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Thread: Canoe designs of the First Nations of the Pacific Northwest

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    Default Canoe designs of the First Nations of the Pacific Northwest

    Stumbled upon this:
    http://www.donsmaps.com/canoedesigns.html



    There are lines and offsetts as well.
    It really is quite difficult to build an ugly wooden boat.

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    Default Re: Canoe designs of the First Nations of the Pacific Northwest

    Nice find.

    Nick

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    Default Re: Canoe designs of the First Nations of the Pacific Northwest

    Very cool......Thanks

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    Default Re: Canoe designs of the First Nations of the Pacific Northwest

    Absolutely
    "Yeah, well, that's just, like your opinion man"
    -The Dude-

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    Default Re: Canoe designs of the First Nations of the Pacific Northwest

    Easy..... First, get a really big log. Next, carve away everything that doesn't look like part of one of these beautiful canoes. A bit of paint and maybe a little decorative carving and you're done!

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    Default Re: Canoe designs of the First Nations of the Pacific Northwest

    Quote Originally Posted by Todd Bradshaw View Post
    Easy..... First, get a really big log. Next, carve away everything that doesn't look like part of one of these beautiful canoes. A bit of paint and maybe a little decorative carving and you're done!
    Actually, I think you skipped a step. Often the hollowed-out log was softened with hot water and steam, then spread to a beam wider than the diameter of the log!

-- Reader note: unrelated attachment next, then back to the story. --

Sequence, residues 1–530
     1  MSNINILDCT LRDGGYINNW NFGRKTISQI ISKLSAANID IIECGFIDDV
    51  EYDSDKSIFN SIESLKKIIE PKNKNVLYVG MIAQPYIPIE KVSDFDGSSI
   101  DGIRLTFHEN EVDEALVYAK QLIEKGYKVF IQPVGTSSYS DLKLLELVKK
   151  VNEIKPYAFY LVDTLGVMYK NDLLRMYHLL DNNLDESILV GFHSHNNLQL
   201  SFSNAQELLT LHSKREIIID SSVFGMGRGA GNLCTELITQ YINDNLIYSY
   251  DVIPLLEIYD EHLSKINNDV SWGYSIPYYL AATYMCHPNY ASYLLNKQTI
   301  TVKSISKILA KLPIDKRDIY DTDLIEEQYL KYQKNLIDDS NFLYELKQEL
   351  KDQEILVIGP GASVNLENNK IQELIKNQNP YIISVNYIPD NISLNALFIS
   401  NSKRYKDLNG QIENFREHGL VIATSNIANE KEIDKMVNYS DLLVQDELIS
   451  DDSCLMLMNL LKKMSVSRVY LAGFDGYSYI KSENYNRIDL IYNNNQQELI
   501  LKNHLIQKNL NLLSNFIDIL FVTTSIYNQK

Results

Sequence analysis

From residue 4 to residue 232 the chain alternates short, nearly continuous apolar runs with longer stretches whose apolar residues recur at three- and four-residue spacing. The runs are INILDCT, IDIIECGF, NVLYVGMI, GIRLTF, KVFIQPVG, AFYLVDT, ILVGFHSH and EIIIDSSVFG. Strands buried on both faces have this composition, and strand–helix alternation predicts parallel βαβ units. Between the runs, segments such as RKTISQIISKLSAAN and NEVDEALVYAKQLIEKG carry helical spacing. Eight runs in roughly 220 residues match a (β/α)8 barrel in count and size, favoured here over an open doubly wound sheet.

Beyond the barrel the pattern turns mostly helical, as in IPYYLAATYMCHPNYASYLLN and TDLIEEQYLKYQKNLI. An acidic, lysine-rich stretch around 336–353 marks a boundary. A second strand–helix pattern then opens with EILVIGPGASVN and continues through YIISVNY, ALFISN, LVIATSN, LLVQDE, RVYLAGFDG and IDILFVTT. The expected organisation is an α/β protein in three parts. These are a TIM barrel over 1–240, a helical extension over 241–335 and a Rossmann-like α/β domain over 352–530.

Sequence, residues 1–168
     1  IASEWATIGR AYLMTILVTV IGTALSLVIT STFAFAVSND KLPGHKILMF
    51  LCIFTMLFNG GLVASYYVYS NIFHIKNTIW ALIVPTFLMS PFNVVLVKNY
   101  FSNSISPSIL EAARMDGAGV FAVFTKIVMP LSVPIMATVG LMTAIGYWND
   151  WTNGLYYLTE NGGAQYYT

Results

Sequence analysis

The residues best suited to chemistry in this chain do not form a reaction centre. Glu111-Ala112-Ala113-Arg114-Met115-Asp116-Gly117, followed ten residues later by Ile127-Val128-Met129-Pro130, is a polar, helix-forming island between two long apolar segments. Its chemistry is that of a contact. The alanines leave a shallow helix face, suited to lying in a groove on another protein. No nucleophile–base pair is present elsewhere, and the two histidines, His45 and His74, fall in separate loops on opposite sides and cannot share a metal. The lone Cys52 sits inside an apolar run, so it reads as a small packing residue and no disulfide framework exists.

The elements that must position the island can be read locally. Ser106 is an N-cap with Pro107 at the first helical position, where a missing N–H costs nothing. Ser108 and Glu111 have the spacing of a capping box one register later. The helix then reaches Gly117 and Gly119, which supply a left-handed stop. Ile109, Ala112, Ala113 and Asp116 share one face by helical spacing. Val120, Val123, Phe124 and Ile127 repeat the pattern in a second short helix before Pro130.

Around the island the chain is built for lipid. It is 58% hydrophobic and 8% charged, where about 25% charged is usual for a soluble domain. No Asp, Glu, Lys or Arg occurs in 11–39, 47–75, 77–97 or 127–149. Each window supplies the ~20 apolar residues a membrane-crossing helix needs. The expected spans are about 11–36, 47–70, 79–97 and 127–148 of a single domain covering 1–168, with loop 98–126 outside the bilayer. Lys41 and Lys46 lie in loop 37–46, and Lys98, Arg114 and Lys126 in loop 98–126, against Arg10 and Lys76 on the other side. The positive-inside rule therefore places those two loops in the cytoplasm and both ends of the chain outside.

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    Default Re: Canoe designs of the First Nations of the Pacific Northwest

    some of those traditional canoes were in the order of 50 feet long......
    Captain Voss Tilikum was 38 feet long. He picked it up and converted it for voyaging raising the sides and putting a long shallow ballast keel along the bottom.

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    Default Re: Canoe designs of the First Nations of the Pacific Northwest

    Quote Originally Posted by runswithsizzers View Post
    Actually, I think you skipped a step. Often the hollowed-out log was softened with hot water and steam, then spread to a beam wider than the diameter of the log!
    That's how it was done over here https://www.youtube.com/watch?v=kW7BdhOZZ_c but we don't have the diameters you have.

    /Mats
    My blog about my time as a boat building student, a rigger apprentice and Journeyman http://kaptenmohsart.blogspot.se/

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    Default Re: Canoe designs of the First Nations of the Pacific Northwest

    Quote Originally Posted by runswithsizzers View Post
    Actually, I think you skipped a step. Often the hollowed-out log was softened with hot water and steam, then spread to a beam wider than the diameter of the log!
    That is discussed in the Donsmaps linked piece.
    It really is quite difficult to build an ugly wooden boat.

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    Default Re: Canoe designs of the First Nations of the Pacific Northwest

    Quote Originally Posted by gilberj View Post
    some of those traditional canoes were in the order of 50 feet long......
    Captain Voss Tilikum was 38 feet long. He picked it up and converted it for voyaging raising the sides and putting a long shallow ballast keel along the bottom.
    How long till one of you Left Coast blokes bangs together a Tilikum II and pops in on the R2AK with it?

    come on son, you folks got to step it up!... just sayin'

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    Default Re: Canoe designs of the First Nations of the Pacific Northwest

    Thanks for posting this!

    I plan to visit Vancouver Island in a couple of weeks. Can anyone suggest museums, locations where I can look at some of these boats?

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    Default Re: Canoe designs of the First Nations of the Pacific Northwest

    Quote Originally Posted by runswithsizzers View Post
    Thanks for posting this!

    I plan to visit Vancouver Island in a couple of weeks. Can anyone suggest museums, locations where I can look at some of these boats?
    You can go for a paddle in one of them here: https://www.indigenousbc.com/blog/du...family-affair/
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    Default Re: Canoe designs of the First Nations of the Pacific Northwest